Grounded nuclear sub HMS Astute damaged during rescue

Image caption,
HMS Astute was further damaged in efforts to help free it from the sandbank near the Skye bridge

A nuclear-powered submarine which had run aground off the Isle of Skye was damaged in a collision with a tug which tried to free it, it has emerged.

HMS Astute was towed free on 22 October after becoming stuck on a shingle bank for about 10 hours.

The Navy has confirmed a collision between the £1bn vessel and a Coastguard tug caused damage to the submarine's starboard foreplane.

The extent of the repairs now required is being investigated, the MoD said.

HMS Astute, the Royal Navy's newest sub, was on sea trials when it became stuck. It was freed when the tide began to rise.

It is understood that the Coastguard tug involved in the collision was the Anglian Prince.

In a statement, the MoD said: "We can confirm that one of the towing vessels came into contact with HMS Astute.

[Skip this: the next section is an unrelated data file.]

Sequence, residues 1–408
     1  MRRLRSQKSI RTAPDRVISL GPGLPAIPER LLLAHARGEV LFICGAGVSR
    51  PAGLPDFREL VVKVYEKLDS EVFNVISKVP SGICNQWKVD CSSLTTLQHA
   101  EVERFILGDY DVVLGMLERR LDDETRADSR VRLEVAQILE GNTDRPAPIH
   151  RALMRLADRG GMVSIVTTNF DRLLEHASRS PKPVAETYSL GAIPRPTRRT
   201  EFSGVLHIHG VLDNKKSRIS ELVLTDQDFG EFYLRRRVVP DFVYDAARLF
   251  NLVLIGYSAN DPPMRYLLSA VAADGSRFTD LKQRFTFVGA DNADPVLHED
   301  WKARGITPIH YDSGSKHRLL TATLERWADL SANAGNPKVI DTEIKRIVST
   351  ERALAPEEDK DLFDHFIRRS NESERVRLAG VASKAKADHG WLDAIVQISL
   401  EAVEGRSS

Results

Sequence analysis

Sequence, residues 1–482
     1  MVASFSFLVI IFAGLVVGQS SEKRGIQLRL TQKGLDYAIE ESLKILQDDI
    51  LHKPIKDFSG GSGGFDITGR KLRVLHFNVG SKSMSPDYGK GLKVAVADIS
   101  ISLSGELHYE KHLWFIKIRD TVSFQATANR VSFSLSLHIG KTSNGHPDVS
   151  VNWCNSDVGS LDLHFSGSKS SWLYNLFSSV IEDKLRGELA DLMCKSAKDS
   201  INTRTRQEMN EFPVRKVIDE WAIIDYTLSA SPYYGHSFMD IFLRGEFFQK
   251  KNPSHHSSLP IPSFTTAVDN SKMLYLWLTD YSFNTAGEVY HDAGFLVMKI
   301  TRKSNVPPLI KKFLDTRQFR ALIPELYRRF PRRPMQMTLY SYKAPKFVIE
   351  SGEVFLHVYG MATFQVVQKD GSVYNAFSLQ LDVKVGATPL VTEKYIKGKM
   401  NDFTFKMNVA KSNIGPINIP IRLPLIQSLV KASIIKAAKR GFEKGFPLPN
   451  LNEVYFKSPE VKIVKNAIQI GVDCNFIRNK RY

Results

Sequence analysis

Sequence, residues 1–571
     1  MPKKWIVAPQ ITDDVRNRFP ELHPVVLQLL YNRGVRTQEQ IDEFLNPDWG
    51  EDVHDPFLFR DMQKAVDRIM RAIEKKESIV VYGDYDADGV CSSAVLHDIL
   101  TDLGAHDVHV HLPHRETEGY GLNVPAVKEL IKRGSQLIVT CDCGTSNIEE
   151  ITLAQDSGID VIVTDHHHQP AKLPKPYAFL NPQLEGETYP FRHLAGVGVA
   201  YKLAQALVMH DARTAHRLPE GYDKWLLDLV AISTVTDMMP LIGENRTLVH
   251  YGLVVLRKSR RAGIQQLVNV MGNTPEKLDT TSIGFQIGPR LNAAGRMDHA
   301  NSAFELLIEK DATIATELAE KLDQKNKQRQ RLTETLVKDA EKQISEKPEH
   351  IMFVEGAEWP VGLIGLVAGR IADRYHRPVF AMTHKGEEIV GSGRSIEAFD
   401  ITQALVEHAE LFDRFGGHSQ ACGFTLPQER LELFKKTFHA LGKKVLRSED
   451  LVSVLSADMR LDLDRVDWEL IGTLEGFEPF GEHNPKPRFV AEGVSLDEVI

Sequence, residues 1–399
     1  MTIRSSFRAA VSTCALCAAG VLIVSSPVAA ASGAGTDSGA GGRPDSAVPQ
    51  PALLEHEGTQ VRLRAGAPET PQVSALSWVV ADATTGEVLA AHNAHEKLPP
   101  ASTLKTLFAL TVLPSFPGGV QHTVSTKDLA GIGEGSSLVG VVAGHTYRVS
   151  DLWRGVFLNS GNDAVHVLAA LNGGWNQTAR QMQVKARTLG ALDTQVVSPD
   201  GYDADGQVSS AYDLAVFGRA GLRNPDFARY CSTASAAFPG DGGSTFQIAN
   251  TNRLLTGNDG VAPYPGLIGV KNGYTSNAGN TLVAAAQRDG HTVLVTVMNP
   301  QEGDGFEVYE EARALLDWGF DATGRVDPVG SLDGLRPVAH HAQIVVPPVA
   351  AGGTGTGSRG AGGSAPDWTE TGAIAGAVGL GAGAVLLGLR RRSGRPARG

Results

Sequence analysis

"The area of the collision was inspected at the time and she was able to proceed.

"Further investigations are under way to determine the extent of the repairs required as a result of the grounding and the collision."

A Navy spokesman said the damage to Astute would be repaired at its Faslane base and the vessel's trials would resume in due course.

A spokesman for the Maritime and Coastguard Agency said it was investigating the collision.

HMS Astute, which was built by BAE Systems in Barrow in Furness, Cumbria, is not expected to formally enter service until next year.

It can carry a mix of up to 38 Spearfish heavyweight torpedoes and Tomahawk Land Attack cruise missiles.

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